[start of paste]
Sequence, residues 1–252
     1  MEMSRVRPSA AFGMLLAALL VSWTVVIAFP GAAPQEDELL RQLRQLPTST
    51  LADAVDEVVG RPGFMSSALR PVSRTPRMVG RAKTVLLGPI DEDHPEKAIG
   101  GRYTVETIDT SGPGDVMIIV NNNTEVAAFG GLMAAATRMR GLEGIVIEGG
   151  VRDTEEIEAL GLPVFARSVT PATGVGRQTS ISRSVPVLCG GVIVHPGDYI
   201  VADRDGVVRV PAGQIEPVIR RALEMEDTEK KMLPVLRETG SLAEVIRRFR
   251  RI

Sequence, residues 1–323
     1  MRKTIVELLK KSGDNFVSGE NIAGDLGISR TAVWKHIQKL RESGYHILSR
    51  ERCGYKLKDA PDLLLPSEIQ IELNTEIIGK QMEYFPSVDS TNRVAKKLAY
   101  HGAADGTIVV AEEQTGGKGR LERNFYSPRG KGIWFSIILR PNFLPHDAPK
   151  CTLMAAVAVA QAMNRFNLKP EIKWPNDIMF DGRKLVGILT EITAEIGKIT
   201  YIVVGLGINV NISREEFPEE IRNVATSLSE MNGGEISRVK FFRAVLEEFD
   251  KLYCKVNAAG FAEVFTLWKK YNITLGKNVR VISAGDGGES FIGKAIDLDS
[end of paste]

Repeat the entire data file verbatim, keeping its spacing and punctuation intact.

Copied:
Sequence, residues 1–252
     1  MEMSRVRPSA AFGMLLAALL VSWTVVIAFP GAAPQEDELL RQLRQLPTST
    51  LADAVDEVVG RPGFMSSALR PVSRTPRMVG RAKTVLLGPI DEDHPEKAIG
   101  GRYTVETIDT SGPGDVMIIV NNNTEVAAFG GLMAAATRMR GLEGIVIEGG
   151  VRDTEEIEAL GLPVFARSVT PATGVGRQTS ISRSVPVLCG GVIVHPGDYI
   201  VADRDGVVRV PAGQIEPVIR RALEMEDTEK KMLPVLRETG SLAEVIRRFR
   251  RI

Sequence, residues 1–323
     1  MRKTIVELLK KSGDNFVSGE NIAGDLGISR TAVWKHIQKL RESGYHILSR
    51  ERCGYKLKDA PDLLLPSEIQ IELNTEIIGK QMEYFPSVDS TNRVAKKLAY
   101  HGAADGTIVV AEEQTGGKGR LERNFYSPRG KGIWFSIILR PNFLPHDAPK
   151  CTLMAAVAVA QAMNRFNLKP EIKWPNDIMF DGRKLVGILT EITAEIGKIT
   201  YIVVGLGINV NISREEFPEE IRNVATSLSE MNGGEISRVK FFRAVLEEFD
   251  KLYCKVNAAG FAEVFTLWKK YNITLGKNVR VISAGDGGES FIGKAIDLDS